Cat napping cat burglar
We’re sure that breaking and entering can be a tiring business. But most burglars have the sense to wait until they’re safely home for a post-pilfering snooze. Not Mark Smith, who in 2007 broke into a house in Whitley Bay while high on Valium and vodka. Have forced his way in to the empty house the excitement obviously got too much for him, and he fell asleep in the homeowner’s empty bed. He was awoken, presumably not with a kiss, by the local police, and sentenced to 18 months.
Last of the big spenders
You’ve heard the phrase ‘Go big or go home’? Perhaps it was this kind of thinking that led first-time fraudster Charles Ray Fuller to attempt an over-ambitious withdrawal at his local bank. The 21 year old tried to cash a cheque for $360 billion in the small Fort Worth bank, claiming it had been given to him by his girlfriend’s mother. Whether it was the insane sum involved, or the improbable story of a mother-in-law’s generosity, the bank teller smelt a (very expensive) rat and called the police.
Even the smallest corner shop has one of those funny pen things for checking if large denomination notes are fake. So how did Michael Anthony Fuller think he could get one over on Walmart? Especially when the note he was using was a $1 million bill? The foolish fraudster tried to use the note to buy a microwave and vacuum cleaner, leaving him due $999,524 in change. Walmart called the police and he was charged. Whether he and the above Charles Ray Fuller are related is unknown.
I’m out robbing, LOL
Although this thief was – incredibly – never apprehended, we know his name is Trevor Jones. How? Clever profiling, DNA clues…? No, he logged into Facebook at the house he was burgling and forgot to log out. He also left his car with keys and wallet in it in the driveway, which got confiscated when the homeowner arrived home to see the front door open. And when he realised the game was up, he did what any right thinking criminal imbecile would do – he ran off and jumped into a nearby pond. Obvs.
Date with robbery
Even robbers can be reasonable. You go to hold up a restaurant but these are busy places, right? When the owner asks you come back in an hour and do the hold-up then, you can sympathize. There’s a room full of people waiting to get fed after all. That seems to be the more than generous stance of would-be robbers Mario Garcia and Domingo Garcia-Hernandez who tried to rob a Chicago restaurant with what turned out to be a water pistol, but agreed to come back in an hour at the owner’s request. Of course when they did the police were waiting.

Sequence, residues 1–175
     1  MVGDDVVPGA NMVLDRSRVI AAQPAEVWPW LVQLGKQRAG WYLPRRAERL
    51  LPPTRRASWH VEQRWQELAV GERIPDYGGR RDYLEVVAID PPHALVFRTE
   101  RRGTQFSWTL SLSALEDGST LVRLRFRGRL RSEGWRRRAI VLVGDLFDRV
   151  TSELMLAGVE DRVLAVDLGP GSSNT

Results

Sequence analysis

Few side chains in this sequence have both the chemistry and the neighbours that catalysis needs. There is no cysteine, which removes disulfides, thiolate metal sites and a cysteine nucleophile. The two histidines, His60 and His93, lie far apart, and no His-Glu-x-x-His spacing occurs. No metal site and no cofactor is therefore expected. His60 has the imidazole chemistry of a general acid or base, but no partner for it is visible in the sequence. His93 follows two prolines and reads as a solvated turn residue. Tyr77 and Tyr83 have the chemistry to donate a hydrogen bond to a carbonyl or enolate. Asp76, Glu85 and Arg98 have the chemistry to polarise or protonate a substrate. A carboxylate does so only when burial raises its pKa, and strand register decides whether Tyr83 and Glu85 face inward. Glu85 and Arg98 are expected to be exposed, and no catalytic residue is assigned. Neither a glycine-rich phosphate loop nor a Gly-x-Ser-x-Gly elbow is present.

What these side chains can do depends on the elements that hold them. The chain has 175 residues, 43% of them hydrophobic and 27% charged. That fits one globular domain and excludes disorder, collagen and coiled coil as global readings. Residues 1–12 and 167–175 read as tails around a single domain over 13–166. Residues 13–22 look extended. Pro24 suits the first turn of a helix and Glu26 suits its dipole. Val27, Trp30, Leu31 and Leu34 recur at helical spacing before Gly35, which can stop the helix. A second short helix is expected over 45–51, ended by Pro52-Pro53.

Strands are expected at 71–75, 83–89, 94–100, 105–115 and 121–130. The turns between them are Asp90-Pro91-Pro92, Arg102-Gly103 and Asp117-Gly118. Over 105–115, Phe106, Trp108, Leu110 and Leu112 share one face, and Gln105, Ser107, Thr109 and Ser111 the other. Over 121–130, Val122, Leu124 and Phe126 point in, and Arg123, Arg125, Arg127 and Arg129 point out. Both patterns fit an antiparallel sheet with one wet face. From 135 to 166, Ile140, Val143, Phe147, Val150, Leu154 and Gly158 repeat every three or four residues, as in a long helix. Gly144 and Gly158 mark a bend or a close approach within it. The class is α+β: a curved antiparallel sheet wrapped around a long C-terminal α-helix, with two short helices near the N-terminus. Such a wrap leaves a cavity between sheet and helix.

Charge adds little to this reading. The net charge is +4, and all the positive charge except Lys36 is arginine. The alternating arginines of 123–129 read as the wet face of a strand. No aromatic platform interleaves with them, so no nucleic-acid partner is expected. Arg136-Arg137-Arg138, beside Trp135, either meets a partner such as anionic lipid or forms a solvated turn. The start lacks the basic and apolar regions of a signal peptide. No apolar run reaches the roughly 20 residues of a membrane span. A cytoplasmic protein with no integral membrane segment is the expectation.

Chose your weapons
Like a criminal game of Scissors, Paper, Stone, some weapons are guaranteed to trump others. So, if you were robbing somewhere like a toy shop, a baseball bat would be a pretty intimidating thing to be waving around. Less so if you wanted to rob a gun shop, however. Yes, dopey Derrick Mosley walked into Discount Gun Sales in Oregon and smashed up the display cabinet (grrr) before the owner pulled out his own pistol and put a stop to the wrong-headed raid.
The title almost tells you everything you need to know. Any ambitious robbery relies on the speed, reliability and, um, unobtrusive nature of your getaway vehicle. Which for most thieves counts out a donkey. But for three car-less felons in Juan de Acosta, Colombia, you have to make the best with what you have. The trio stole Xavi, a ten-year old donkey, before loading him up with goods stolen from a grocery store. But law-abiding Xavi, unhappy at the illegal cargo, started braying loud enough to attract the local police. He was right to be cautious – for this bit of civic duty the donkey was held for 12 hours in the police station, while the robbers made off on foot.
The art of disguise
What’s wrong with a pair of tights over the head as a disguise? It’s cheap, looks threatening and really does make you harder to identify. But fashion-forward felons Matthew McNelly and Joey Miller felt that the nylons were too last-season. Instead they decided to disguise themselves by drawing on their faces in marker pen. The pair were arrested in Iowa, and, presumably to give everyone else a laugh, the local police took their mugshots with the drawn-on beards and masks still intact.
Don’t eat the evidence
Had it gone right, this could actually have been the perfect crime. Can you think of a ‘weapon’ that isn’t actually a threat to anyone and that can easily be disposed of without a trace? Yes, that’s right, a banana. 17 year old John Szwalla tried to hold-up an internet café in North Carolina with this fruit-based firearm but was restrained by the owner. Making the best of a bad situation, he then ate the banana while waiting to be arrested.
Show me what you got
No one wants to go to the trouble and risk of holding up a store if there’s not even enough in the till for a post-heist milkshake. So Ontario criminal Daniel Glen wisely decided to do a recce first. Less smart was his methodology – he called the convenience store in advance and asked how much cash was in the register. The owner didn’t need to be Poirot to suspect something was up, and called police to intercept Glen on his way to the store.